From the co-creator of the hit HBO series ‘Big Love’ comes an epic slice of history centering on 1970s Alabama politics. Beautiful, divorced beauty queen Cornelia Folsom is a force of nature who works her way into the heart of Governor George Wallace. Together they plan to take over the state and then the White House until an assassination attempt halts his presidential campaign. But no obstacle is too great for Cornelia to overcome, as she secretly harbors her own political ambitions amidst a hostile campaign staff, her rarely sober mother, and Southern shenanigans in this sweeping, provocative tale of sex, power, and bare-knuckled American politics. 2m, 3f

Abrogate by Larry Gelbart
This political comedy examines the long-term consequences of the Bush-era White House through an imaginary hearing investigating the abrogation of human rights under the Bush regime. Hillary Clinton is now president and, in an attempt to sift through the debris of the post-Bush regime, holds a congressional meeting to explore how the atrocities during the previous administration could have possibly happened. As the hearing progresses, some shocking truths about the infamous conservative leaders are revealed. 6m, 3f

The God Game by Suzanne Bradbeer
Tom is a Virginia Senator and rising star in the Republican Party. When a long-time family friend resurfaces and offers the opportunity of a lifetime, Tom faces a crisis of conviction while his marriage hangs precariously in the balance. The God Game is a play about faith and politics, marriage and friendship, choices and consequences. 2m, 1f

November by David Mamet
This Oval Office satire depicts one day in the life of a beleaguered American commander-in-chief. It’s November in a Presidential election year, and incumbent Charles Smith’s chances for reelection are looking grim. Approval ratings are down, his money’s running out, and nuclear war might be imminent. Though his staff has thrown in the towel and his wife has begun to prepare for her post-White House life, Chuck isn’t ready to give up just yet. Amidst the biggest fight of his political career, the President has to find time to pardon a couple of turkeys — saving them from the slaughter before Thanksgiving — and this simple PR event inspires Smith to risk it all in attempt to win back public support. 4m, 1f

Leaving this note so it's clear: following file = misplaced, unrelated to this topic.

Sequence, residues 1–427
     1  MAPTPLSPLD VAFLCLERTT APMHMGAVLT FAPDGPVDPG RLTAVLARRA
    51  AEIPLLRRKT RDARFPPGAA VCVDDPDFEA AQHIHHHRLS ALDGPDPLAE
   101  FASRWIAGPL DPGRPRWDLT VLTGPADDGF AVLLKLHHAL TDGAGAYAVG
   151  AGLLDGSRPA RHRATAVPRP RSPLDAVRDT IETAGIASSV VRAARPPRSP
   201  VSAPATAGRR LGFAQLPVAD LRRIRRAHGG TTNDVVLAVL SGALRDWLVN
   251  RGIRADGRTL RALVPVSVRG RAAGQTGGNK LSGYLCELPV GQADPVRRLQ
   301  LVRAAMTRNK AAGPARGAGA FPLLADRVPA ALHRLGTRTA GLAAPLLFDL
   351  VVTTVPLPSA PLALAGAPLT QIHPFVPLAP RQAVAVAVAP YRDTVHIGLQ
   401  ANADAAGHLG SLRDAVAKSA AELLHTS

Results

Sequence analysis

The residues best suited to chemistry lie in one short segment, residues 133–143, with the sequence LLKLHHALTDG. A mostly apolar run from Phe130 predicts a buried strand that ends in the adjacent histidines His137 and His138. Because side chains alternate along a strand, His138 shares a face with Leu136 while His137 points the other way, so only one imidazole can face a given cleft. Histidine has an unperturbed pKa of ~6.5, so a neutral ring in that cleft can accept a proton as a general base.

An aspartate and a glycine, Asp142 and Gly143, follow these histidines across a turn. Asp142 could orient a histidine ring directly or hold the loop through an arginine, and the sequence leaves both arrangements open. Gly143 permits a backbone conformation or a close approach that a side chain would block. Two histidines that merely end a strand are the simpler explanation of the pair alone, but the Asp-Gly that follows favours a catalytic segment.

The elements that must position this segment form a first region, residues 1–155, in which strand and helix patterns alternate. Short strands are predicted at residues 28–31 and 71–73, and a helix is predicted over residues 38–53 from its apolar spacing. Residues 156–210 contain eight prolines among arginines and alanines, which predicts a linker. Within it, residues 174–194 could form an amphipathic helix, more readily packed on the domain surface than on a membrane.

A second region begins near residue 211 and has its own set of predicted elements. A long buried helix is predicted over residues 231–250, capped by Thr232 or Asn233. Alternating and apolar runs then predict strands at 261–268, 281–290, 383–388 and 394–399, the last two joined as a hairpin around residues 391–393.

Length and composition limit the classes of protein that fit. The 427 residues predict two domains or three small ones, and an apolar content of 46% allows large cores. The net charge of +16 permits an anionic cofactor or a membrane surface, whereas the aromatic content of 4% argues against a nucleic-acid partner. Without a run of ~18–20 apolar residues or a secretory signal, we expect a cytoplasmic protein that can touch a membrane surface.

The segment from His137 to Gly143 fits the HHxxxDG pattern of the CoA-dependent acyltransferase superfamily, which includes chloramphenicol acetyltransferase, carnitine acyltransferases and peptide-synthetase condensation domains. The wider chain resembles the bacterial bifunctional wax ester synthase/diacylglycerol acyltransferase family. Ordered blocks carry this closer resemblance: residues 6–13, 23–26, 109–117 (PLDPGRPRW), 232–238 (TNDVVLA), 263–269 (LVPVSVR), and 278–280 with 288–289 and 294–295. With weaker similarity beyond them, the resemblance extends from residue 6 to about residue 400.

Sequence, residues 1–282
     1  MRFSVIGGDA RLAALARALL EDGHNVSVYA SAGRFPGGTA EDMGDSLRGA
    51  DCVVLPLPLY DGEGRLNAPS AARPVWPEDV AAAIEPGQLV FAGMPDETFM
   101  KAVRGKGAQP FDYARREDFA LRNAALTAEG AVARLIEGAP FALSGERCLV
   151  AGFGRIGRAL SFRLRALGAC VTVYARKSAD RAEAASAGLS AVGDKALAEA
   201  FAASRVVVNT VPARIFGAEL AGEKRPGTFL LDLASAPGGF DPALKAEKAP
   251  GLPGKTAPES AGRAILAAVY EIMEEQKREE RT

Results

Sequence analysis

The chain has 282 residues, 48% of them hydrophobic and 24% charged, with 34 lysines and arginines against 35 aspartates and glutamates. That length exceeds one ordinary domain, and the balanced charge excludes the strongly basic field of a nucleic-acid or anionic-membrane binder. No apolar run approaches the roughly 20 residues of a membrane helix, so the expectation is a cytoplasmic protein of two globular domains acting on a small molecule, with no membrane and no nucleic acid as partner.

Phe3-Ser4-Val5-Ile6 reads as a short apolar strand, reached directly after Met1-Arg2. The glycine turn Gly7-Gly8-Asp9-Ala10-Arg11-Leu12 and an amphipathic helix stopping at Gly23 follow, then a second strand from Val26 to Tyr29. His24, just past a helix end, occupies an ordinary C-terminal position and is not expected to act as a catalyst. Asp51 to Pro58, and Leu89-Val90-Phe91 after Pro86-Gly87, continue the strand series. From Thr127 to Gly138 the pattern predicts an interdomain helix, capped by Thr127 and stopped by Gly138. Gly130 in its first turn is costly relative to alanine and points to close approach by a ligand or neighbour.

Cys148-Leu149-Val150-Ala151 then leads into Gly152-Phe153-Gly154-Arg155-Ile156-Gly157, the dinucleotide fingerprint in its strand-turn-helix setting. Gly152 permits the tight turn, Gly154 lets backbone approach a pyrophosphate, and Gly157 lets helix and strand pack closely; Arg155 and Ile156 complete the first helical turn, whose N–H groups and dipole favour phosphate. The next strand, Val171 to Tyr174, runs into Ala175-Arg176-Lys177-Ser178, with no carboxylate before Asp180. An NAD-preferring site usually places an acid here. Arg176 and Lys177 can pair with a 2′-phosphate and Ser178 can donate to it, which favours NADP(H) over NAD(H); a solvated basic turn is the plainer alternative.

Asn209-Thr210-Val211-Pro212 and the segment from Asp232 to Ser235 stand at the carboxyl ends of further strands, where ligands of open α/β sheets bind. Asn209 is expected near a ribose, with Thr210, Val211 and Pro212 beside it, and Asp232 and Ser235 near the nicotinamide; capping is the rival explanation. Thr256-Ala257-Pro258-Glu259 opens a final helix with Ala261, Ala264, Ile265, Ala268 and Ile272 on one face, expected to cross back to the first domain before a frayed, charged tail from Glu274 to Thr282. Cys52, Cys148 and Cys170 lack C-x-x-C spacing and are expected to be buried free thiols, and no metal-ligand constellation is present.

Abe by Roger Anderson, Lee Goldsmith
A new musical about the early life of Abraham Lincoln. The show explores his youth as a flatboat pilot on the Mississippi, his early love for Ann Rutledge, his troubled marriage to the difficult and mentally fragile Mary Todd, and his attempt to be a good father to his sons. The story follows Abe from his earliest attempts at self-improvement through the 1860 election which made him the 16th president of an already fracturing United States. 16m, 9f

We’d be remiss if we didn’t also recognize the following political title:

Just Say No by Larry Kramer
The scandals of the Reagan administration are dramatized in farcical style. The First Lady must locate, before it is too late, a home-made sex videotape on which she cavorts with the husband of her best friend, with his mistress who knows much too much, and with members of her husband’s cabinet. In addition, her son decides to run away to become a ballet dancer and, along the way, falls in love with the ex-boyfriend in hiding of the angry mayor of the largest northeastern city. Everyone meets, or tries not to, in the Georgetown home of Foppy Schwartz, friend to the rich and powerful, where first ladies and mayors drop in and refuse to leave. Just Say No is a hysterically funny satire that has a great deal to say about the state of our union. 3m, 5f